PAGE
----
“What a day!” said a jubilant Harvey Fierstein, reacting to the news of the Supreme Court’s decision on same-sex marriage. “What’s great about a day like today is you have a nation standing behind you to say, ‘We respect you.’”
Fierstein, the Tony-winning writer and actor who’s been telling gay stories (“Torch Song Trilogy,” “La Cage aux Folles”) on stage for more than 30 years, remembered back to a time when he regularly encountered hatred on the airwaves and in public life. “Politicians I voted for said I was not a human being,” he recalled.
A landmark like the Supreme Court decision underscores how much that’s changed — although Fierstein admits that he wasn’t exactly confident the court would rule the way it did.
“I guess I’m old enough to not be confident about anything,” he said. “But we do have a system of government that was set up specifically to allow people to make choices. America has never been about telling you what to do. Nobody has to get married. But the possibility is there. That’s what America has always been about.”
In Fierstein’s eyes, the biggest victory for LGBT equality came when homosexuality stopped being considered a disease — back in 1973, when the American Psychiatric Association removed homosexuality from its Diagnostic and Statistical Manual of Mental Disorders. “Once we won the battle that we were not talking about an illness, we were talking about a civil right, then the war was already won,” he noted.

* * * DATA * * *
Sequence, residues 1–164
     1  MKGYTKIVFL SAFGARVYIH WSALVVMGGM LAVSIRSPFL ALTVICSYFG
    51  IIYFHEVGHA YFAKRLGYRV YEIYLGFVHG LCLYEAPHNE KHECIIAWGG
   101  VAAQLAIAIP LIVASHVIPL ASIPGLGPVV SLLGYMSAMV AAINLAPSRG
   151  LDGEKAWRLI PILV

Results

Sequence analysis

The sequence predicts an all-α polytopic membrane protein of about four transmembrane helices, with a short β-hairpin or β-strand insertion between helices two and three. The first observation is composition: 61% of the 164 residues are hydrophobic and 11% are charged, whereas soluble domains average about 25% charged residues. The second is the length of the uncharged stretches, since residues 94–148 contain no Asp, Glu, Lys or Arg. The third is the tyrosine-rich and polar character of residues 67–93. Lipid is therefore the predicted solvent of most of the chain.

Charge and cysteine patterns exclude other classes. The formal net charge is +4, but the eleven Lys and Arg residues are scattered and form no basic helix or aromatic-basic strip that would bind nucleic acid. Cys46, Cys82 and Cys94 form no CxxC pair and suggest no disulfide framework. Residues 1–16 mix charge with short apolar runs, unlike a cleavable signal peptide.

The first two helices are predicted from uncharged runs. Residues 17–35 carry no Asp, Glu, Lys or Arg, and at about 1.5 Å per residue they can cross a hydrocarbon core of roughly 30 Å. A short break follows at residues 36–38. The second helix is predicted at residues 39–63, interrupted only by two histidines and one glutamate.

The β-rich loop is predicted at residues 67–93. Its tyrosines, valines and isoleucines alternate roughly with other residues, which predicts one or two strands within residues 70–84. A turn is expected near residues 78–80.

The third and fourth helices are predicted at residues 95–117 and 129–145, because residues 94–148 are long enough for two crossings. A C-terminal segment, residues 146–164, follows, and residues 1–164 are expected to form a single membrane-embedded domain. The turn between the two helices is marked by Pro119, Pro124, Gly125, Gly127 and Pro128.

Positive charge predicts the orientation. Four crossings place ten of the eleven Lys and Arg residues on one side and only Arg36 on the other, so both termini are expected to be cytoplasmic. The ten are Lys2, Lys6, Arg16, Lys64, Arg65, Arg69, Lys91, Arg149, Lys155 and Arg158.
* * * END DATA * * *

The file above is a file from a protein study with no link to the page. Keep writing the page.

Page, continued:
But there was still plenty more work to be done, just as there is today. “Now, like with any civil rights movement, we really have to look at what protections are needed under the law to bolster it,” he said. “We’re going to make mistakes. We’re going to say, ‘Okay, we don’t need to worry about that anymore,’ and we still do.”
In entertainment, he noted, “There was a time when we were thrilled if we got a wink in our direction. Like in World War II, in a song like ‘My Buddy,’ if there was just a hint that a guy might be singing about his boyfriend, we were happy. That was true until the revolution happened, and then nothing was enough.”
He sees gender identity and transgender issues as the next frontier in the fight for civil rights, saying that the final victory for equality will come when the stories that come out of the entertainment industry — film, TV and stage — are as widely diverse as the American people. “We’ll know we’ve done it when our stories are truly blended,” he said.
For the moment, though, he took to Twitter to celebrate. He may not know what challenges lie ahead, he said, but he’s confident the SCOTUS decision is a major step in the right direction. “It can only be positive,” he said.